Found 10 Collections
This Smithsonian Science Starter investigates how the layers of a spacesuit protect astronauts when they are outside of the International Space Station. This lesson includes a simulated spacesuit design challenge to create a suit that protects from micrometeoroids.
Keywords: #airandspace, NASM, National Air and Space Museum, Extravehicular Mobility Unit (EMU), orbital debris, micrometeoroid, kinetic energy
In the summer of 1859, Frederic Edwin Church (1826–1900)—the most celebrated American landscape painter of his time—journeyed to Newfoundland and Labrador, in the far Northeast of Canada, to study and sketch icebergs. More than one hundred and fifty years later, Church's studies remain poignant and relevant. In this collection, explore Church's studies, featured in exhibition After Icebergs at Cooper Hewitt.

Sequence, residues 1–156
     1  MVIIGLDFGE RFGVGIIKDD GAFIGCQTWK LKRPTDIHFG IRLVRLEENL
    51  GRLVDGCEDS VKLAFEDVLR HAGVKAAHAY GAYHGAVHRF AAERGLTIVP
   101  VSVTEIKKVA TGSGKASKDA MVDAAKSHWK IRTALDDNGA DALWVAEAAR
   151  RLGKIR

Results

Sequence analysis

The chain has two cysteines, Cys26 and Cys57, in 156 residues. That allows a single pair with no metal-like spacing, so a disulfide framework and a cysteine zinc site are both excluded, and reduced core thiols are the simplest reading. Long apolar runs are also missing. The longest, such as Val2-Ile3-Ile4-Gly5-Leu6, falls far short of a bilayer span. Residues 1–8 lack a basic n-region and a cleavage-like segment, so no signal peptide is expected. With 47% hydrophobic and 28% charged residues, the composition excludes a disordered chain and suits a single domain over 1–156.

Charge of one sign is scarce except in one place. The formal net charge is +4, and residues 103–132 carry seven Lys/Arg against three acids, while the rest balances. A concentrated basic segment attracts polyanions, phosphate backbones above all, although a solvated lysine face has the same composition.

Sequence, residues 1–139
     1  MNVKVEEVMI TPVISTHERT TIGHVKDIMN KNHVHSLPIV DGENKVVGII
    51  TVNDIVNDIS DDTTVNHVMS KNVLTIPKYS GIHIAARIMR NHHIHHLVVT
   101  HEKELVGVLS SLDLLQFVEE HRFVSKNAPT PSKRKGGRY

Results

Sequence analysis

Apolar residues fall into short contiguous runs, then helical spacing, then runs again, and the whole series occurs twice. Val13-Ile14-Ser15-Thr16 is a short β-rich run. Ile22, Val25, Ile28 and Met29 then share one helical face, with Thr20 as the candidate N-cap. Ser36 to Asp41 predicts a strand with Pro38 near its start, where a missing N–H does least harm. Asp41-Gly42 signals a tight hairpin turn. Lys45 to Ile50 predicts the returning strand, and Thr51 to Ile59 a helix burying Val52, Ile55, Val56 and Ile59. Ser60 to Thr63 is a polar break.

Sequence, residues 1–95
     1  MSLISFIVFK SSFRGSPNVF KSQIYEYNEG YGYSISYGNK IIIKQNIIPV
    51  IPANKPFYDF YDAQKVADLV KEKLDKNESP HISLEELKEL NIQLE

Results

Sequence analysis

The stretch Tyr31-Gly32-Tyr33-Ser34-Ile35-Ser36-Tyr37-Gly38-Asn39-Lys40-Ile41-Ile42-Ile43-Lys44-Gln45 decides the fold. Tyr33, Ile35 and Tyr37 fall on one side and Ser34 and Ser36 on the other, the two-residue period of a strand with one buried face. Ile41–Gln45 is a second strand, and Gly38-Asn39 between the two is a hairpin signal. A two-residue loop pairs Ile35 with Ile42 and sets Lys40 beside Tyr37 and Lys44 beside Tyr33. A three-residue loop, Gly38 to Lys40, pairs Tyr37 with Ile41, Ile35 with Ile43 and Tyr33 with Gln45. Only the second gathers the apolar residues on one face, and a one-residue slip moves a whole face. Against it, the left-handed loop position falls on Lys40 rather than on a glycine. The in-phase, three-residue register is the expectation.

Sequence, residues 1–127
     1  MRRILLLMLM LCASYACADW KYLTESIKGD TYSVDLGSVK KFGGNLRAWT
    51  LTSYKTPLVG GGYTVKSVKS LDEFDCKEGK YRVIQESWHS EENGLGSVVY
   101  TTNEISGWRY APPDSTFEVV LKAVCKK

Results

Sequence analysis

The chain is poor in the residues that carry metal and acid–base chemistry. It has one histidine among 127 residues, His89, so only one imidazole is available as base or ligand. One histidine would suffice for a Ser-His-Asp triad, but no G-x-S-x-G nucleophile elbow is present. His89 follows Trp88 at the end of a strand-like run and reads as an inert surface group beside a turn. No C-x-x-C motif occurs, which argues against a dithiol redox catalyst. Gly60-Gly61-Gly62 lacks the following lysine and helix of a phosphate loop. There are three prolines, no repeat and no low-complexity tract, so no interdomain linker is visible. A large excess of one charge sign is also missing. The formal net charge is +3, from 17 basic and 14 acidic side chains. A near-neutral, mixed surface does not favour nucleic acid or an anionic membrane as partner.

The people of Earth didn't see a photo of our planet until the late 1960s. Photos of Earth changed the way we think about our planet. This fast-paced webcast will look at the beginnings of Earth Day and how a better understanding of our place in the universe has evolved through photographic scientific discoveries.
April 22, 2015
What makes the Boeing 787 Dreamliner so dreamy? Composites. These engineered materials allow aircraft to be lighter and stronger. Explore composites in this fast-paced webcast: learn what they are, how they are made and how they are used in the aerospace industry.
January 28, 2015